Poetry Slam: Art, Alzheimer’s and Long-Distance Care Collide

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Language has always played an important role in Judy Prescott's life.

As a young child, Prescott grew up composing poems and showing them to her mother, Mary (called "Cecy" by her friends and family), who was her editor. As an adult, language has allowed Prescott—an actress who has appeared in movies and television shows including True Blood and Grey's Anatomy —to communicate the thoughts and feelings of a variety of characters to her audience.

Now, as the author of, "Searching for Cecy: Reflections on Alzheimer's," a book of poetry written by Prescott about her mother's battle with Alzheimer's, language is helping her connect with her most challenging role to date: being a long-distance caregiver to her mother who was diagnosed with Alzheimer's more than 12 years ago.

"In the beginning, I was very much alone because my mom was so young. I wasn't the kind of person to go to a care group. I never followed through and attended a group, although I called to find one, but it wasn't for me. Through my poetry, I was able to cope."

In the early stages of her mother's diagnosis, Prescott made the long, aerial commute from her home in Los Angeles, California, to Maine, where her mother lives, several times a month. She even spent some time living in the dementia ward where her mother was staying.

It was an immense struggle for Prescott to balance caring for her mother in Maine, caring for her daughter (who was born after Cecy's diagnosis) and husband in LA, and her career. "The first few years were intimidating—in the early stages. Sometimes my mother said that she wished she could just walk into traffic."

Prescott sought to move her mother out to LA so that she could take care of her on a more regular basis, but the rest of the family wanted Cecy to remain in Maine.

Faced with the fact that her mother would remain on the other side of the country, Prescott had one of the most profound (and necessary)revelations that a long-distance caregiver can have: "I'm not as necessary as I thought I was," she says, "I was trying to control her life, but I needed to honor her life, her journey."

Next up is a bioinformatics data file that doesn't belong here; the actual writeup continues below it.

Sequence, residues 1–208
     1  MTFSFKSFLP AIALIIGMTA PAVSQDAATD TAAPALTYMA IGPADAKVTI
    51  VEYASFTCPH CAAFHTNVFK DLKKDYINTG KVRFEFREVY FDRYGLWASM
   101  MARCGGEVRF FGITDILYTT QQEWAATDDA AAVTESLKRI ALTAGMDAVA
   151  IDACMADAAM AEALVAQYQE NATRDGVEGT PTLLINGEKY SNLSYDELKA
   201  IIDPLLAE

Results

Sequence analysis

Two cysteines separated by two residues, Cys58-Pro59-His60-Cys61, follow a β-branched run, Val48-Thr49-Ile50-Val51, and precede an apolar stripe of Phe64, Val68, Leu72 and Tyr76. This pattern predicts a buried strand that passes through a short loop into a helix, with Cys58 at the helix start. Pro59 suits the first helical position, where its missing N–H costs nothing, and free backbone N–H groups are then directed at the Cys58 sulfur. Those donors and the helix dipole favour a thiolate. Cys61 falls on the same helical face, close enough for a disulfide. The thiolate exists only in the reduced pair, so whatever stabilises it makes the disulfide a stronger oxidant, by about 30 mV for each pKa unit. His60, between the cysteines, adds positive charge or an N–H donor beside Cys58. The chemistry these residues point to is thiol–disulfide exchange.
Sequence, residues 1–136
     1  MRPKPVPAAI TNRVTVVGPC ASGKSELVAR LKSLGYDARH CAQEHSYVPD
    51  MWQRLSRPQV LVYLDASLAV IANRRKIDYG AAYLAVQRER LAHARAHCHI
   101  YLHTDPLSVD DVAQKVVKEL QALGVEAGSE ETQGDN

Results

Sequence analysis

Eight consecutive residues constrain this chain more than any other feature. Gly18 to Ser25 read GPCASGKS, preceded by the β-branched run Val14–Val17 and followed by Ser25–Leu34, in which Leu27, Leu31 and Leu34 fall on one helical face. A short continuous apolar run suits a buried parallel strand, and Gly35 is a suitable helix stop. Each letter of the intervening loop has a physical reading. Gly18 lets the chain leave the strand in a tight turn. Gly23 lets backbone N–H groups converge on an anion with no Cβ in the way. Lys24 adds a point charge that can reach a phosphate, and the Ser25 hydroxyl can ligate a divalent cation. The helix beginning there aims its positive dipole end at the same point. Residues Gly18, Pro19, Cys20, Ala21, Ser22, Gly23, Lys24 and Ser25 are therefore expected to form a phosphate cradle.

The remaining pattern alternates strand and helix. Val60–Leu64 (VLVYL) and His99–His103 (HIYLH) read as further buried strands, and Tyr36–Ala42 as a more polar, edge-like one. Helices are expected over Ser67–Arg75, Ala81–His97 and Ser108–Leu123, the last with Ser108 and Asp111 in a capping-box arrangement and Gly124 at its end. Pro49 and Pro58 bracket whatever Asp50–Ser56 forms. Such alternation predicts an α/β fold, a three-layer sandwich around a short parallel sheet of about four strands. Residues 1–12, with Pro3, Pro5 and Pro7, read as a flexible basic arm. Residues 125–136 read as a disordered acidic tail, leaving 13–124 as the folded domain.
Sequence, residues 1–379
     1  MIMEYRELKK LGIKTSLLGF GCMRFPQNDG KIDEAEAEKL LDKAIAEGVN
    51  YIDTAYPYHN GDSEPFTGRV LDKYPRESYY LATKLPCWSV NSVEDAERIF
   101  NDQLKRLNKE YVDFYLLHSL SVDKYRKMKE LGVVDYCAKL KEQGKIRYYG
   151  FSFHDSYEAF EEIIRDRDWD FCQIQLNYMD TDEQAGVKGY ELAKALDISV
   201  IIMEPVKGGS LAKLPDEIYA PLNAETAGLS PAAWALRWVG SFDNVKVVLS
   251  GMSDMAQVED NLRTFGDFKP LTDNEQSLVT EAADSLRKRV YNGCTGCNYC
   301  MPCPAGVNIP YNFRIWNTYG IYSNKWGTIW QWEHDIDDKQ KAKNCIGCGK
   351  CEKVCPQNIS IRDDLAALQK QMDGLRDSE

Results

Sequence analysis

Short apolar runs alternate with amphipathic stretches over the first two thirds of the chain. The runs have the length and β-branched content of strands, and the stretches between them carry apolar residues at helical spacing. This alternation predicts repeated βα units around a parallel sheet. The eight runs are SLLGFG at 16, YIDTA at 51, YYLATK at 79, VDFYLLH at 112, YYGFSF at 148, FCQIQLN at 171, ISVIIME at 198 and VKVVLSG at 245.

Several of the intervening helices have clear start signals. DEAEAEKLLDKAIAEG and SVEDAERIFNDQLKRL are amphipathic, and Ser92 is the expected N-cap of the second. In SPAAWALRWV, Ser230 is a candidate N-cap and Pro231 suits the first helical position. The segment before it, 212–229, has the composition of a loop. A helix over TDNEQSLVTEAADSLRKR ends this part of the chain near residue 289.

Learning to speak the language

Letting go when you're a long-distance caregiver is not a simple task.

"It's a painful thing, to be so far away," Prescott says, "The hardest thing to come to terms with is not forgetting yourself, you can't drop your entire life to be with them. It's not what mom would have wanted."

One key to successfully caring from afar is having a good care team and communication system in place for your loved one.

Prescott continues to visit her mother on a regular basis. When she can't make the trip, she makes phone calls. She calls her Aunt Petey, who visits Cecy regularly, and reports on how Prescott's mother is doing. She calls the nurses who care for Cecy, and she calls (and Skype's with) Cecy herself.

As Cecy's dementia progressed to the point where she had difficulty communicating with her daughter, these constant calls lead Prescott, a lifelong student of the power of the spoken and written word, to re-define what language means to her.

After reading the book, "Learning to Speak Alzheimer's: A Groundbreaking Approach for Everyone Dealing with the Disease," written by Joanne Koenig Coste, Prescott says she realized that she needed to change the way she viewed communication with her mother.

"I don't speak Alzheimer's. I realized I needed to learn this language and help my mom have a nice life," she says, "because it is a life, they have a life and they are here for a reason."